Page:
Titus 1

Angry Pursuit of Happiness

on December 5 | in COMEDY REVIEW, MOVIE REVIEWS | by | with No Comments

MPAA Rating: None (contains adult language, as befits a modern comedy show). Running time: 105 minutes. Post-credits scene: yes. Released by Combustion Films.

Summary:

When it comes to Christopher Titus, you know you’re going to get one of two things from him during his comedy specials: 1) hilarious anecdotes about his family and his life, or 2) a treatise on the world’s ills and how best we can fix them. Regardless of subject matter, all of them are truth and wisdom writ large, with a large dose of smarts and a painful look at the most obvious of facts: we, as Americans, are a screwed up bunch. Angry Pursuit of Happiness, Titus’ freshly-released special, falls squarely in the second category.

Titus CoverNothing Titus says is news to us; in fact, it’s downright maddening how spot-on he is with his observations on how far we’ve been pushed and how much we’ve been made to physically and mentally accept. However, he does it with a sharp eye for the darkness and inherent stupidity in each given situation. Gun control, mental illness, politics, morality, organized religion – they’re all merely fodder for Titus’ wit and ire as he sticks a shiv underneath the rib cages of every one of these topics.

What separates Titus from other comedians is his lack of malice. He doesn’t spit his truth with an aim to hurt; he seeks to expose the sillier side of us and make us question why we have to put up with so much nonsense. This isn’t your “Oh, isn’t this funny?!” kind of social commentary, like the kind so readily found in the opening monologues of late night talk shows. Instead, this is the 24-hour news cycle with the Band-Aids ripped off and the scabs oozing everything we’re afraid to say. Titus doesn’t flower up the utter gaucheness of our lives; he uncovers it, points a middle finger at it, and then scrutinizes it with a microscope the size of the Palomar Observatory.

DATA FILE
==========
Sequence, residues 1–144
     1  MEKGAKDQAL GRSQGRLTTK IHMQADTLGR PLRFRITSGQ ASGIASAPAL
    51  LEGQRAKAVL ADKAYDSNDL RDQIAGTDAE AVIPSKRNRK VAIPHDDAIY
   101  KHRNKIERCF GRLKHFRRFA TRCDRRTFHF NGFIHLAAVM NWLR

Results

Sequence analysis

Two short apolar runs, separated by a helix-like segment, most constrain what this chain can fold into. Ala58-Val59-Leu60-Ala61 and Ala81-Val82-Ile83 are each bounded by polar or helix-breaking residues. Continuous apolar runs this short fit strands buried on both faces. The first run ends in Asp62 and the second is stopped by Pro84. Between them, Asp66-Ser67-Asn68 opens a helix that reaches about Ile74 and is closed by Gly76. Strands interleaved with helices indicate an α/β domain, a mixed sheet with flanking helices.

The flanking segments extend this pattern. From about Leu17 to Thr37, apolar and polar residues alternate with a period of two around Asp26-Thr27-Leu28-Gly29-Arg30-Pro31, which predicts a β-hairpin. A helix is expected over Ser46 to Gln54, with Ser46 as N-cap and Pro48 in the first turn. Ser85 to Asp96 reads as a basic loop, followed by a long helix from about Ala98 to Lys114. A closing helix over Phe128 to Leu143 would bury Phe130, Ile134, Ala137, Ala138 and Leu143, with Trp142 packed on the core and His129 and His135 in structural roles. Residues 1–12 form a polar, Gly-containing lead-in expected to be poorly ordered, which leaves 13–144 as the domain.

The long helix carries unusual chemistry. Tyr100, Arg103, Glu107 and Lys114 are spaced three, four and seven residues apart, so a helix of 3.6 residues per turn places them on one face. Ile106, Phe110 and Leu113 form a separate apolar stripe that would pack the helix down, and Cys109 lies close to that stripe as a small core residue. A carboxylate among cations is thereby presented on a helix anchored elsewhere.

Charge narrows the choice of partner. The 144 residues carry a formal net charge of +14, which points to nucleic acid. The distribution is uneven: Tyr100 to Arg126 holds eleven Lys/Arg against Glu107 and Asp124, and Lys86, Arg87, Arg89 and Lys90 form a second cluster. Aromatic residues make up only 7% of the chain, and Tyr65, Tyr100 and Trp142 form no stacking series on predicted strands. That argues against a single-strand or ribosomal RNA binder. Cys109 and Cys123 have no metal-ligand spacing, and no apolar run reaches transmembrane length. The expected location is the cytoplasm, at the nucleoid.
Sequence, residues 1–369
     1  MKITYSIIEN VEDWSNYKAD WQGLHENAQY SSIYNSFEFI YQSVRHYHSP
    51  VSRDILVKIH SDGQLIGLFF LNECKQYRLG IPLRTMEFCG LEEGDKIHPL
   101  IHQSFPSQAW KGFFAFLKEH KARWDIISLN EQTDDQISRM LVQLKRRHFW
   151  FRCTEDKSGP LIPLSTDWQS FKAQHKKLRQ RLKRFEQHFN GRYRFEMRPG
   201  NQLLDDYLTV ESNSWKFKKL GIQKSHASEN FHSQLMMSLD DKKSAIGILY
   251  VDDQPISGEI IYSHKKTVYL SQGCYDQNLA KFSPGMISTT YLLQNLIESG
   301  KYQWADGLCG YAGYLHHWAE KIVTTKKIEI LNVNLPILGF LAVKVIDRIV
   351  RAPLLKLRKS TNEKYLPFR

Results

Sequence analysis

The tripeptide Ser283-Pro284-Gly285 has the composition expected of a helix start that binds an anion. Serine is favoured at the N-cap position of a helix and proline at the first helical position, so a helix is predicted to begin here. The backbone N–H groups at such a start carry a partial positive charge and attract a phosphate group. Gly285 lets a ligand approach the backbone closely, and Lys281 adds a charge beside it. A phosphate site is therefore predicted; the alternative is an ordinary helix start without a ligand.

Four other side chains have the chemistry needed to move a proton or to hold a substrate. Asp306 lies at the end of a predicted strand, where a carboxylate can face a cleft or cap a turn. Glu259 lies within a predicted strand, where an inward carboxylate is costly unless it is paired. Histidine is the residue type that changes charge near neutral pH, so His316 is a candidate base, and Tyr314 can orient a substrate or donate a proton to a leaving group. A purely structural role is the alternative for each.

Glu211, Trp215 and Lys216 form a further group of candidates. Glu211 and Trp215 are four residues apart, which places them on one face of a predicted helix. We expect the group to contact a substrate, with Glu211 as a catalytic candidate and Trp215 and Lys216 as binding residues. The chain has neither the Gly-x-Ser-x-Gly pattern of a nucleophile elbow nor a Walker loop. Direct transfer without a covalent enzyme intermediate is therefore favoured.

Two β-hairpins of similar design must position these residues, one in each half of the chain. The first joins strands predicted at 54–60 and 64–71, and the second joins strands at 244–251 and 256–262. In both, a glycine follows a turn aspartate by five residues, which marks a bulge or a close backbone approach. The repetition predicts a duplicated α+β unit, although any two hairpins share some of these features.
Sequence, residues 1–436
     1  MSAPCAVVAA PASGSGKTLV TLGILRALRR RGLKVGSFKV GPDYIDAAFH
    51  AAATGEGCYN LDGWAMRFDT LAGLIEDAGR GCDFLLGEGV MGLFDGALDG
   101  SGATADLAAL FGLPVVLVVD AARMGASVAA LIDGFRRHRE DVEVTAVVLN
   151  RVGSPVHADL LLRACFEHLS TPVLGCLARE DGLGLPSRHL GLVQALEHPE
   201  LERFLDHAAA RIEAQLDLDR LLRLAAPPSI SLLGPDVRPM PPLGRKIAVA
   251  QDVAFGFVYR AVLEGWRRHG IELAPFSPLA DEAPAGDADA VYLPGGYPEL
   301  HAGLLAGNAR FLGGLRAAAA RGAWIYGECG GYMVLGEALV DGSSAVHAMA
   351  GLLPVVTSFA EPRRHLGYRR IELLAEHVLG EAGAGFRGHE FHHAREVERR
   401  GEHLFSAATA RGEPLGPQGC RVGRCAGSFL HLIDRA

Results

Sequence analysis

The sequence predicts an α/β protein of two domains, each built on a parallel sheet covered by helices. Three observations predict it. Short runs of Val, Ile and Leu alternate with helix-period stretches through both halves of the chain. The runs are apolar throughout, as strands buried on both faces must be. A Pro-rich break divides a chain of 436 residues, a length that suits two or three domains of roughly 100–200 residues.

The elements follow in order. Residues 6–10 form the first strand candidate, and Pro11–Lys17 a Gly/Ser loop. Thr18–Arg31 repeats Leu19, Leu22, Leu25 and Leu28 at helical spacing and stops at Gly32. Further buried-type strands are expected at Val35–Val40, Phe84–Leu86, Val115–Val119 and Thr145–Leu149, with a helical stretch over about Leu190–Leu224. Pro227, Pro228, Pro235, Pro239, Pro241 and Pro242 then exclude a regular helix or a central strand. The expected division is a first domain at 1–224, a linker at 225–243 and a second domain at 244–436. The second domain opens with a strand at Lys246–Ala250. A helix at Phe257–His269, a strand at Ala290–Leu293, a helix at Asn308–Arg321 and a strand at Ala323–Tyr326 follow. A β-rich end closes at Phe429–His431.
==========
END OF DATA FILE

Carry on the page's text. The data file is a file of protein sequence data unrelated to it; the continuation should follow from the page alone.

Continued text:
Scathingly funny and daring, Angry Pursuit of Happiness doesn’t fail to call us out on our worst behaviors. Wearing pajamas in public, being *that* guy in the gym (the kind that calls way too much attention to himself), terrorism, drug addiction – even being self-admittedly “heinous” as he talks about the death of Philip Seymour Hoffman is not out of the question. In deconstructing all of these peccadilloes that seem to plague humanity, he also makes us wonder about how much of this is absolutely necessary to being happy, which is the show’s main theme.

Titus 2Answer? Not a whole hell of a lot. To sum up what he so caustically talks about in the final third of the show, we do things more for other people’s happiness than we do for our own. And by the time we figure it out and start working toward our own personal happiness, that’s usually around the time when the curtain comes down on us. Capping the show off with a personal recollection of his father – closer in tone to his reminiscences of him in Love is Evol and The 5th Annual End of the World – Titus brings it home like only he can; with a surprisingly sweet story peppered with seriousness, gallows humor, and above all else, laughs.

Click here for a $9 download at his website.  Available on DVD 12/15.

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